In 1965, LaRouche left Tim Wohlforth's group and joined the Spartacist League, which had split from Wohlforth. He left after a few months and wrote a letter to the SWP declaring that all factions and sections of the Trotskyist Fourth International were dead, and announcing that he and his new common-law wife, Carol Larrabee (also known as Carol Schnitzer), were going to build the Fifth International.

In 1966, the couple joined the Committee for Independent Political Action (CIPA), a New Left/Old Left coalition that was running independent anti-war candidates in New York City elections, and formed a branch in Manhattan's West Village.

The formation of the Labor Committees, 1967-1969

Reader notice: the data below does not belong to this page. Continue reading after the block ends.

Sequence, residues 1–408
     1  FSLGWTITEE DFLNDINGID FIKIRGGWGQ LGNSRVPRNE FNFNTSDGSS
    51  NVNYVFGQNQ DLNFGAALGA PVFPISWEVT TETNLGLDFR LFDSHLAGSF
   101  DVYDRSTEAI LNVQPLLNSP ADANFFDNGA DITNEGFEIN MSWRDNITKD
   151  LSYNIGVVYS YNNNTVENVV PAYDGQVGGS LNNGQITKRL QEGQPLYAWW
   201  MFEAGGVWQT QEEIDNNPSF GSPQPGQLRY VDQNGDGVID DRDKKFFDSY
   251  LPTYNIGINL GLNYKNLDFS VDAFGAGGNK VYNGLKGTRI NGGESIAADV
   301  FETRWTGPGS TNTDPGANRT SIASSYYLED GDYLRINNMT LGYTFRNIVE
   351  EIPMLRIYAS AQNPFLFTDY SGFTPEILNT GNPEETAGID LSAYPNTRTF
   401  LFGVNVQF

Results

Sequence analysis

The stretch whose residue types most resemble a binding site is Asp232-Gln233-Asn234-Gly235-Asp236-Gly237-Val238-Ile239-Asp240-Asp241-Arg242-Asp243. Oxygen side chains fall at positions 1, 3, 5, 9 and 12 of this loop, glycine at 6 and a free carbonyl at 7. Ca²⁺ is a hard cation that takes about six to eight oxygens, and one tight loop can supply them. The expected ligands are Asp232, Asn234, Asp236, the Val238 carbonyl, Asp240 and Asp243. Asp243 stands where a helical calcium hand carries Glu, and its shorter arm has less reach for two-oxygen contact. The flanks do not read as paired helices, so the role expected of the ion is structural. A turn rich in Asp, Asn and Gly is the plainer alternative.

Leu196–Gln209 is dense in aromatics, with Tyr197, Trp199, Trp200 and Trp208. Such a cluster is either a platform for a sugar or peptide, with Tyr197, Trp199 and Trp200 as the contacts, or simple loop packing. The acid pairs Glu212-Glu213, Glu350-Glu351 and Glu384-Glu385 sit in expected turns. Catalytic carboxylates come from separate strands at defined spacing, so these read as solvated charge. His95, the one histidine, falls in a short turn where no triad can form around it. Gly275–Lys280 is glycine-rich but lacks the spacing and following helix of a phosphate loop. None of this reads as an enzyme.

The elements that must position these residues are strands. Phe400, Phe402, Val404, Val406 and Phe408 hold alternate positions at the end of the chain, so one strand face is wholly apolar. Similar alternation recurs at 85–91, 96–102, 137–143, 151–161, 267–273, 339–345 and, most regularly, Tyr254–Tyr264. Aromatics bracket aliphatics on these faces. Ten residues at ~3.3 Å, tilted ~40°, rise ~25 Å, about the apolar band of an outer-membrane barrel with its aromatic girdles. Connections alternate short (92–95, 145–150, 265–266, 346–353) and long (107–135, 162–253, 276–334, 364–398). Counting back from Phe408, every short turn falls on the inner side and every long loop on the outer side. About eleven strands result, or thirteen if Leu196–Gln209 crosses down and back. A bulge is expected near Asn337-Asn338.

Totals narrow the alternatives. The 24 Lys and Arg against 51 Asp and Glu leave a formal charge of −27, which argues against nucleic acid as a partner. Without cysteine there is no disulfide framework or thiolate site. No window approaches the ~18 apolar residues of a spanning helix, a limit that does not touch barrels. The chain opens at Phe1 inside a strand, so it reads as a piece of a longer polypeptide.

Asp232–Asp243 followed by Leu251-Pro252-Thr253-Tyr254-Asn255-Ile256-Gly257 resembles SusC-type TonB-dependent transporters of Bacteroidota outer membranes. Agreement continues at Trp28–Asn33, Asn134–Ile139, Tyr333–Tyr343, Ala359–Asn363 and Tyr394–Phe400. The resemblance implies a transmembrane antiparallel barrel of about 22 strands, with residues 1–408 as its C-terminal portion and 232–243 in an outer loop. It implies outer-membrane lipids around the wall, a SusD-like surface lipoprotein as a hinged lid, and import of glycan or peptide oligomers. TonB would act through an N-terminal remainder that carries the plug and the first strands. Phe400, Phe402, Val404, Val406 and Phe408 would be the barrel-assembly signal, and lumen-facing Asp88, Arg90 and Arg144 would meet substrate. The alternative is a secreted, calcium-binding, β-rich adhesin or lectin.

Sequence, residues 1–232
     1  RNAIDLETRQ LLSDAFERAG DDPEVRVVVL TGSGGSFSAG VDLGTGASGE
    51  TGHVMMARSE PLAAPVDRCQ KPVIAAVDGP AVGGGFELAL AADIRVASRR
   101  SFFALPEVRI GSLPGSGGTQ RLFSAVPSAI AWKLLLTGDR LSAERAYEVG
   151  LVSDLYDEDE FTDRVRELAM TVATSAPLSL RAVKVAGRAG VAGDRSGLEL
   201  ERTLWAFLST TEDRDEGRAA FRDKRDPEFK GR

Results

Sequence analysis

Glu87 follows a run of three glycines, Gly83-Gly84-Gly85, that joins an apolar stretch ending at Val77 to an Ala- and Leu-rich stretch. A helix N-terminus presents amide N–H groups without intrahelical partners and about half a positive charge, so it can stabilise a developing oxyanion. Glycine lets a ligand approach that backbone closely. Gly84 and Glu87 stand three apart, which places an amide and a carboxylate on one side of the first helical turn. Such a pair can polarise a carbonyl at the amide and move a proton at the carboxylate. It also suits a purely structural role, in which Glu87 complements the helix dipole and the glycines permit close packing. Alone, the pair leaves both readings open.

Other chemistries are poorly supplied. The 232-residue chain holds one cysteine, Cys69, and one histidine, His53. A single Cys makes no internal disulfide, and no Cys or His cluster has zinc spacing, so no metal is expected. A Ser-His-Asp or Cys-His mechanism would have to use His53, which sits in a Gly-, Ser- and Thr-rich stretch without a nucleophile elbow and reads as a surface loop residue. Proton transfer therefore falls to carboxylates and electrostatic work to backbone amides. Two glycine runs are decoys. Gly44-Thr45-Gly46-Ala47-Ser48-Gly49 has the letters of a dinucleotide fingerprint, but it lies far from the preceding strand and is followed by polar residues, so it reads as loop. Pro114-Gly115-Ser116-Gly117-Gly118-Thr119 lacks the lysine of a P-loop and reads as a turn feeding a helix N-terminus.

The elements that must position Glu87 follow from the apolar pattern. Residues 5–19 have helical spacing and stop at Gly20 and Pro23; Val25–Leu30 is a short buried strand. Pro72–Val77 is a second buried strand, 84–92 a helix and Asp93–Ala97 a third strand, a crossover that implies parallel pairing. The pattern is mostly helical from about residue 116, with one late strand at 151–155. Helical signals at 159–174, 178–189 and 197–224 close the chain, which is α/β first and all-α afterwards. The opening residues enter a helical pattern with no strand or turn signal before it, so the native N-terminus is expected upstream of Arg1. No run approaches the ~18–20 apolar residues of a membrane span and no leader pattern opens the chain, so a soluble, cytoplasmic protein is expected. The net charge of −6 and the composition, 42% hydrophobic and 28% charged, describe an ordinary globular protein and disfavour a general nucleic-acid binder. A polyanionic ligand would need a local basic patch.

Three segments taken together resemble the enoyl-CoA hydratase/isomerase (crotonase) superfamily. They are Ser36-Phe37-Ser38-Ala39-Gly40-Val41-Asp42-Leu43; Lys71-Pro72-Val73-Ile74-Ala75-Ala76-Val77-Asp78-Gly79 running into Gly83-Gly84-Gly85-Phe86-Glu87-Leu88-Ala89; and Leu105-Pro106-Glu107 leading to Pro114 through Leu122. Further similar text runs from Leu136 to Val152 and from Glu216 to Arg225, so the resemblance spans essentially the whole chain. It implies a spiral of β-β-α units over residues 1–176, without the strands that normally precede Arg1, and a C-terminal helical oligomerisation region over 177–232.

He began teaching classes at New York City's Free School on dialectical materialism and attracted around him a group of undergraduates and graduate students from Columbia University and the City College of New York, several of whom were involved with the Maoist Progressive Labor Party (PLP), itself very prominent in the Students for a Democratic Society (SDS). In the 1988 version of his autobiography, LaRouche writes that he was not really a Marxist when he gave his lectures at the Free School but that he used his familiarity with Marxism to win students away from the New Left counterculture. Indeed, what LaRouche began to write and teach in the late 1960s was somewhat different from orthodox Marxism, supplementing the doctrine of class struggle with a strong emphasis on the dangers of a supposedly parasitical finance capital as opposed to industrial capital; he would continue with this latter emphasis in the following decade while abandoning for the most part the use of Marxist jargon.